EGU General Assembly 2022
© Author(s) 2022. This work is distributed under
the Creative Commons Attribution 4.0 License.

Seismic anisotropy structure of the northern Hikurangi margin, New Zealand, and its significance for subduction fault systems

Ryuta Arai1, Shuichi Kodaira1, Stuart Henrys2, Nathan Bangs3, Koichiro Obana1, Gou Fujie1, Seiichi Miura1, Daniel Barker2, Dan Bassett2, Rebecca Bell4, Kimihiro Mochizuki5, Richard Kellett2, Valerie Stucker2, and Bill Fry2
Ryuta Arai et al.
  • 1Japan Agency for Marine-Earth Science and Technology, Yokohama, Japan
  • 2GNS Science, Lower Hutt, New Zealand
  • 3Institute for Geophysics, University of Texas at Austin, Austin, USA
  • 4Imperial College London, London, UK
  • 5Earthquake Research Institute, University of Tokyo, Tokyo, Japan

The NZ3D OBS experiment performed in 2017-2018 in the northern Hikurangi margin off the east coast of North Island, New Zealand, provided the highest-resolution seismic refraction/wide‐angle reflection data with multi-azimuth ray coverage in subduction zones to date (Arai et al., 2020). The study area extending 60 km in the trench-normal direction and 14 km in the trench-parallel direction covers source regions of a variety of slow earthquake phenomena, such as shallow slow slip events and tectonic tremor (e.g., Wallace, 2020), and thus offers an ideal location to link our understanding of structural and hydrogeologic properties at subduction faults to slip behavior. We applied an anisotropic traveltime tomography analysis to this active-source dataset from 97 ocean bottom seismographs deployed with an average spacing of 2 km on four parallel lines and dense air gun shooting with a 25 m interval, and succeeded in quantitatively constraining the P-wave velocities (Vp) of the upper plate forearc and the subducting slab and their azimuthal anisotropy in three dimensions. The velocity models revealed some locations with significant Vp azimuthal anisotropy over 5 % near the splay faults in the low-velocity accretionary wedge and the deformation front. This finding suggests that the anisotropy is not ubiquitous and homogeneous within the upper plate, but more localized in the vicinity of active thrust faults. While the fast axes of Vp are mostly oriented in the trench-normal direction in the accretionary wedge, which is interpreted as results of preferentially oriented cracks in a compressional stress regime associated with the plate convergence, they are rotated to the trench-parallel direction on the seaward side of the trench and in the landward backstop. This regional variation is consistent with the results of shear-wave splitting analysis (Zal et al., 2020) and the directions of maximum horizontal stress inferred from the borehole breakouts at two IODP drilling sites (Wallace et al., 2019). The significant magnitudes of anisotropy may indicate that in addition to the crack orientation, clay-rich sedimentary sequences that stack and form coherent strata along the accretionary wedge also contribute to seismic anisotropy in the subduction margin.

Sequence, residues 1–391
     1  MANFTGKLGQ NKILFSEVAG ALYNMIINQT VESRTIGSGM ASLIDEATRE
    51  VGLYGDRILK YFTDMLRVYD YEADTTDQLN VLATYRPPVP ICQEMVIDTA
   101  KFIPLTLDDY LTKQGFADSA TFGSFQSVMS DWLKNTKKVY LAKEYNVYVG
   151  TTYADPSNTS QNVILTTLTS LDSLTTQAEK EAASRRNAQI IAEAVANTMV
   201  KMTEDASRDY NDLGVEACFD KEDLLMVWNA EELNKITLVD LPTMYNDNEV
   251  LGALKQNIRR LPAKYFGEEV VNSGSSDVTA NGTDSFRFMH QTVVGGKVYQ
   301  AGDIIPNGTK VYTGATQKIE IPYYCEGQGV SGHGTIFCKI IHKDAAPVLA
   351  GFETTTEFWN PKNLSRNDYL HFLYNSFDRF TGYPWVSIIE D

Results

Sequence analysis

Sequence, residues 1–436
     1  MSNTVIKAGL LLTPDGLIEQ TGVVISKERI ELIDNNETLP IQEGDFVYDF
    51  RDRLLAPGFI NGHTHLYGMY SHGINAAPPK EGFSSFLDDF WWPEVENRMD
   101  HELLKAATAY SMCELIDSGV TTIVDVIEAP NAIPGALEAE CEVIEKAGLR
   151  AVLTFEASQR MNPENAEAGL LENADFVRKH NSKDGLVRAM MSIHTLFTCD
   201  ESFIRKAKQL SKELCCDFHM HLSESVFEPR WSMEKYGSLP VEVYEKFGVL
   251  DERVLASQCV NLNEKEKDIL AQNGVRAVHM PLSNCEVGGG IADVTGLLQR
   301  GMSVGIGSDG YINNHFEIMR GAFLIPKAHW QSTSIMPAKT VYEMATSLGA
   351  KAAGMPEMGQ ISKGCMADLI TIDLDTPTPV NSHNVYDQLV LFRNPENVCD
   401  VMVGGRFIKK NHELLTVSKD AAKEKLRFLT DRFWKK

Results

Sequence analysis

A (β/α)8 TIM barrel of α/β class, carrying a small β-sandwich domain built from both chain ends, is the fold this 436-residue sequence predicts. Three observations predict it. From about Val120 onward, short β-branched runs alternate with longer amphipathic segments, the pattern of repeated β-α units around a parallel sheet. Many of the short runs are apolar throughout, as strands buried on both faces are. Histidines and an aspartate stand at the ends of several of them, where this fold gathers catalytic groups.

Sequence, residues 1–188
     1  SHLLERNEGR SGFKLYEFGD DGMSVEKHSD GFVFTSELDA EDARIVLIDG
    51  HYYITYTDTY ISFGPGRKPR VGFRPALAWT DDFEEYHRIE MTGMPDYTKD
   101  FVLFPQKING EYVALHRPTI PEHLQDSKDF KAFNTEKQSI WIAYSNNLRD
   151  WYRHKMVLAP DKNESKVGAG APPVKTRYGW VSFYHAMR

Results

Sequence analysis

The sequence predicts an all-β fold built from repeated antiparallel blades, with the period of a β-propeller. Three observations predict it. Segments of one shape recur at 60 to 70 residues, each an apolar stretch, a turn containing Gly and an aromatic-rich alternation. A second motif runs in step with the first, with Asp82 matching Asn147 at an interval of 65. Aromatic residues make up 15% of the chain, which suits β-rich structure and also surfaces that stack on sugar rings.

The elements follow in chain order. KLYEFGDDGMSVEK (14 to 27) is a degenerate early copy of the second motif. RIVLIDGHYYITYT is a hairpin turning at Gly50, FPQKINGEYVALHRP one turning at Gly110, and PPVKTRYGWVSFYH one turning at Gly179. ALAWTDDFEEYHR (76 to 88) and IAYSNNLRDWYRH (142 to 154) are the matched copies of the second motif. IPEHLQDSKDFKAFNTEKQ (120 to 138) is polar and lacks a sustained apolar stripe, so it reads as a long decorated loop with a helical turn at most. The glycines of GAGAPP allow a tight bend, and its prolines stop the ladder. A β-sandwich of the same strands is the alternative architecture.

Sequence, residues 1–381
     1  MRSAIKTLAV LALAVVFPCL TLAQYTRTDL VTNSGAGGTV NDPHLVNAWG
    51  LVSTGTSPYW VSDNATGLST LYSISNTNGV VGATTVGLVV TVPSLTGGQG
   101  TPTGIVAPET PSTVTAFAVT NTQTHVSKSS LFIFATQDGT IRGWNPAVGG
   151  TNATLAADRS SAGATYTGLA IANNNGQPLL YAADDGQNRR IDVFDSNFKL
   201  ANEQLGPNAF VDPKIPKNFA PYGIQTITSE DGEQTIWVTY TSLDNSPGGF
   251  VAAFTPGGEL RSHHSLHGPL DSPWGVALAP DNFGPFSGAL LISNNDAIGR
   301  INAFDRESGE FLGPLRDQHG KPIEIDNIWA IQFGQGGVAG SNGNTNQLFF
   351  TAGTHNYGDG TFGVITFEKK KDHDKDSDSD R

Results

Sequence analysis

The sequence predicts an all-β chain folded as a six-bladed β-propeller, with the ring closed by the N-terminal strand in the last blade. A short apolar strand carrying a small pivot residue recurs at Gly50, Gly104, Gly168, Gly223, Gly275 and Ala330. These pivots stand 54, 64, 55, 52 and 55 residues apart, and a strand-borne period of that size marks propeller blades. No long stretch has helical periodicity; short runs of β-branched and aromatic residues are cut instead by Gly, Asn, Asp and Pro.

How to cite: Arai, R., Kodaira, S., Henrys, S., Bangs, N., Obana, K., Fujie, G., Miura, S., Barker, D., Bassett, D., Bell, R., Mochizuki, K., Kellett, R., Stucker, V., and Fry, B.: Seismic anisotropy structure of the northern Hikurangi margin, New Zealand, and its significance for subduction fault systems, EGU General Assembly 2022, Vienna, Austria, 23–27 May 2022, EGU22-1403,, 2022.